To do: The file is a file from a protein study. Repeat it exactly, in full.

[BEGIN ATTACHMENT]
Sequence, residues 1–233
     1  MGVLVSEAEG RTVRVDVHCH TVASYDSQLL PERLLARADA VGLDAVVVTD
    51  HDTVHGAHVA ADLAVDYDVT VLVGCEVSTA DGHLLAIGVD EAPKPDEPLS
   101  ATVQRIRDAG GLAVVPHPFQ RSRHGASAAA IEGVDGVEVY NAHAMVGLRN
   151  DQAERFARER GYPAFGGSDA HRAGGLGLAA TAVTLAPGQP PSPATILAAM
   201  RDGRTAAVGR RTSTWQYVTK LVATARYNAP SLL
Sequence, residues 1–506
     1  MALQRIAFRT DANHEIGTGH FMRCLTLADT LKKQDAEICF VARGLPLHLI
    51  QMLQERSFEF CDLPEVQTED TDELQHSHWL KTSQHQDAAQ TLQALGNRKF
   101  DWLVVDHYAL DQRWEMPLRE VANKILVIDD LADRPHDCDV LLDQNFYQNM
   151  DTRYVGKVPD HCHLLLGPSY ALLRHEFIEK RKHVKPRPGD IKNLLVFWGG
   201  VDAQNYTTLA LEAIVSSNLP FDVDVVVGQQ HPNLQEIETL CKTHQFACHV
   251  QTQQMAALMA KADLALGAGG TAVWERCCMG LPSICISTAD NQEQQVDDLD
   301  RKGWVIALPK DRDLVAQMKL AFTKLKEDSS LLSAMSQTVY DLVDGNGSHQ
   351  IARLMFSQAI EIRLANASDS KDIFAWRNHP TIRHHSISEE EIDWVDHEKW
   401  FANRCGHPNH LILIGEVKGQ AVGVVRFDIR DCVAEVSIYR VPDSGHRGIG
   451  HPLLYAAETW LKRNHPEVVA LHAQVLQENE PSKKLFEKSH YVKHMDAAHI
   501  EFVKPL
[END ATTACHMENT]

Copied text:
Sequence, residues 1–233
     1  MGVLVSEAEG RTVRVDVHCH TVASYDSQLL PERLLARADA VGLDAVVVTD
    51  HDTVHGAHVA ADLAVDYDVT VLVGCEVSTA DGHLLAIGVD EAPKPDEPLS
   101  ATVQRIRDAG GLAVVPHPFQ RSRHGASAAA IEGVDGVEVY NAHAMVGLRN
   151  DQAERFARER GYPAFGGSDA HRAGGLGLAA TAVTLAPGQP PSPATILAAM
   201  RDGRTAAVGR RTSTWQYVTK LVATARYNAP SLL
Sequence, residues 1–506
     1  MALQRIAFRT DANHEIGTGH FMRCLTLADT LKKQDAEICF VARGLPLHLI
    51  QMLQERSFEF CDLPEVQTED TDELQHSHWL KTSQHQDAAQ TLQALGNRKF
   101  DWLVVDHYAL DQRWEMPLRE VANKILVIDD LADRPHDCDV LLDQNFYQNM
   151  DTRYVGKVPD HCHLLLGPSY ALLRHEFIEK RKHVKPRPGD IKNLLVFWGG
   201  VDAQNYTTLA LEAIVSSNLP FDVDVVVGQQ HPNLQEIETL CKTHQFACHV
   251  QTQQMAALMA KADLALGAGG TAVWERCCMG LPSICISTAD NQEQQVDDLD
   301  RKGWVIALPK DRDLVAQMKL AFTKLKEDSS LLSAMSQTVY DLVDGNGSHQ
   351  IARLMFSQAI EIRLANASDS KDIFAWRNHP TIRHHSISEE EIDWVDHEKW
   401  FANRCGHPNH LILIGEVKGQ AVGVVRFDIR DCVAEVSIYR VPDSGHRGIG
   451  HPLLYAAETW LKRNHPEVVA LHAQVLQENE PSKKLFEKSH YVKHMDAAHI
   501  EFVKPL